Book A Star Tour Now

book now


Sunday, December 11, 2011

Last Saturday's Total Lunar Eclipse Last Until 2014

Did you miss yesterday's (Saturday) total lunar eclipse? If so, you'll not get a chance to see another, at least from planet Earth, until 2014. I went out to the bird's nest overlook which overhangs Machtesh Ramon with my 10 year old companion, Ayelet. About 5:10PM we saw the moon emerge from totality with just a bare crescent of light showing, which made it look like a diamond ring. I also noted how red the moon appeared, a big surprise. For us the red was initially concentrated around the rim of the moon, giving the diamond ring a rose gold appearance. It was all breathtakingly lovely as viewed from overhanging the Machtesh, as a red sunset appeared behind us with evening star Venus brightly shining in the west. Above was Jupiter, casting his baleful glow down on us, while the red super-giant Aldebaran appeared to the upper right of the moon. As the eclipse ended it looked like a little boy wearing a dark kippah on his head. Is that the Boy in the Moon?

The reddened moon is caused by the earth's atmosphere acting as a lens and refracting the sun's rays around the intervening earth onto the surface of the moon. So, this reddening is caused by all of the particulate matter, dust, dirt, volcanic ash, clouds, fog and pollution in the earth's atmosphere. In effect, we are seeing simultaneously all of the sunsets on the earth at one time projected onto the moon.

The moon emerging from its full eclipse the night of December 10, 2011 (Photo by Charles Jones, Phoenix, AZ)

It was surprising to see the moon so dark on this full-moon night. As the moon emerged from its eclipse and rose in the sky, it shone with full brightness, blocking out all but the brightest stars. That's the full moon I know in the desert. The desert has an unearthly glow in this full moonlight. I like to take people out to the edge of the Machtesh and look out on it in the moonlight on these full moon nights. It is a view few get, as for most the Machtesh is a day time activity. Now I think of the Israeli Space X team competing to send a robotic satellite on the moon, roll 500 meters, and take photos. Will Israel be the third country in history to land on the Moon? That would give it a special glow, indeed.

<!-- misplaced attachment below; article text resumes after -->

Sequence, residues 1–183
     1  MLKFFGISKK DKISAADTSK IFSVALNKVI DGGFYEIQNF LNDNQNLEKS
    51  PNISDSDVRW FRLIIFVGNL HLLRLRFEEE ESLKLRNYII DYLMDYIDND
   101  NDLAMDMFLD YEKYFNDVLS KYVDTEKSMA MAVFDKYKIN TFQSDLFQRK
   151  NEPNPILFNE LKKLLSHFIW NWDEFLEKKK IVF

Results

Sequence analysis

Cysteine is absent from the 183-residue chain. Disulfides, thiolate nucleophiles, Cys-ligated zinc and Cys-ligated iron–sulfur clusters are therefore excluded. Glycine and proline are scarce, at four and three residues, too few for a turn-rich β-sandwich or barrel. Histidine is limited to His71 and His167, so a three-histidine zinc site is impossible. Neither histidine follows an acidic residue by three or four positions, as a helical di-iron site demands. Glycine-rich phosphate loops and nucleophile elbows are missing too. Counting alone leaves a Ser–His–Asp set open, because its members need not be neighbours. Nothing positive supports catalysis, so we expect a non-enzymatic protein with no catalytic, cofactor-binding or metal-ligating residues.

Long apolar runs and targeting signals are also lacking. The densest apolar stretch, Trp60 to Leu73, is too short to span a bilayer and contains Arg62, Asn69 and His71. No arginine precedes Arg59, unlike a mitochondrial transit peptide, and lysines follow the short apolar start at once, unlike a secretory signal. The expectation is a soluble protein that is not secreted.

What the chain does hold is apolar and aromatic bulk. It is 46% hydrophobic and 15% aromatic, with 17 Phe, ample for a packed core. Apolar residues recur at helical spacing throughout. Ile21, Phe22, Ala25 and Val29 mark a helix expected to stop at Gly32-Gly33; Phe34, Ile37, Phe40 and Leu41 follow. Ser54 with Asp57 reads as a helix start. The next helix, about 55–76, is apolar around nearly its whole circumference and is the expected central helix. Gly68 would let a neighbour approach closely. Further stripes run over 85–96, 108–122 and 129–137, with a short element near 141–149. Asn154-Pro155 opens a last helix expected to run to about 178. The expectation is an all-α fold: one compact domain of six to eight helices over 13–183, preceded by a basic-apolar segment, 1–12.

- by Ira Machefsky

Enhanced by Zemanta

Israeli Team Competes in Google's Lunar X Prize

The waxing gibbous Moon as observed from EarthImage via Wikipedia

An Israeli group is one of 26 teams world-wide competing to win Google's Lunar X prize of $30 million dollars. The prize will be awarded to the first privately funded team to soft land an unmanned vehicle on the moon, move it 500 meters across the lunar surface and return images and data to earth. Additional prizes will be awarded for reaching other goals.The Israeli team plans to use the contest to inspire Israeli education in space technologies, an area in which Israel now lags.

English: Flag of Israel with the Mediterranean...Image via Wikipedia
The Israeli team has raised funding of $1 million and is looking for additional funding. Their robot uses Israeli nanotechnology already in existence. Israel launches its satellites westward, rather than the more common eastward direction, which keeps them out of enemy hands should they crash. However, it takes much more energy to orbit a satellite counter to the earth's rotation, so Israel has developed an edge in building very light weight satellites.

The robotic satellite that Team Space IL will build is only the size of a cell phone handset, and it will sit on a gigantic fuel tank that powers it. This nanosatellite will carry a miniature Israeli flag and the technology needed to complete the mission of the Lunar X prize. All of the winnings will be dedicated to spreading science and space education in Israel.

Go to the Space IL web site to learn more. Join the groups, and perhaps you or your company can contribute to funding the endeavor.

Related articles:

Trying to put the Israeli flag on the moon - (
Join Space IL - (

Enhanced by Zemanta

Friday, December 2, 2011

Shabbat Eclipse - Saturday evening

Next Friday night Saturday night, December 10, the full moon will rise fully eclipsed at 4:37PM as we walk home from shul (beit keneset) after the end of Shabbat. This event will begin low in the east, so it is best to seek out a clear eastern horizon. Totality will end at 5:00PM. The partial phase ends at 6:18PM. Since it will be immediately after Shabbat we won't be doing any sky tours, but watching privately from the edge of the Machtesh. Enjoy it wherever you may be. And Shabbat Shalom!

Circumstances of the December 10, 2011 lunar eclipse

Israel Standard Time (IST) is Universal Time (UT) + 2 hours

Enhanced by Zemanta


Related Posts Plugin for WordPress, Blogger...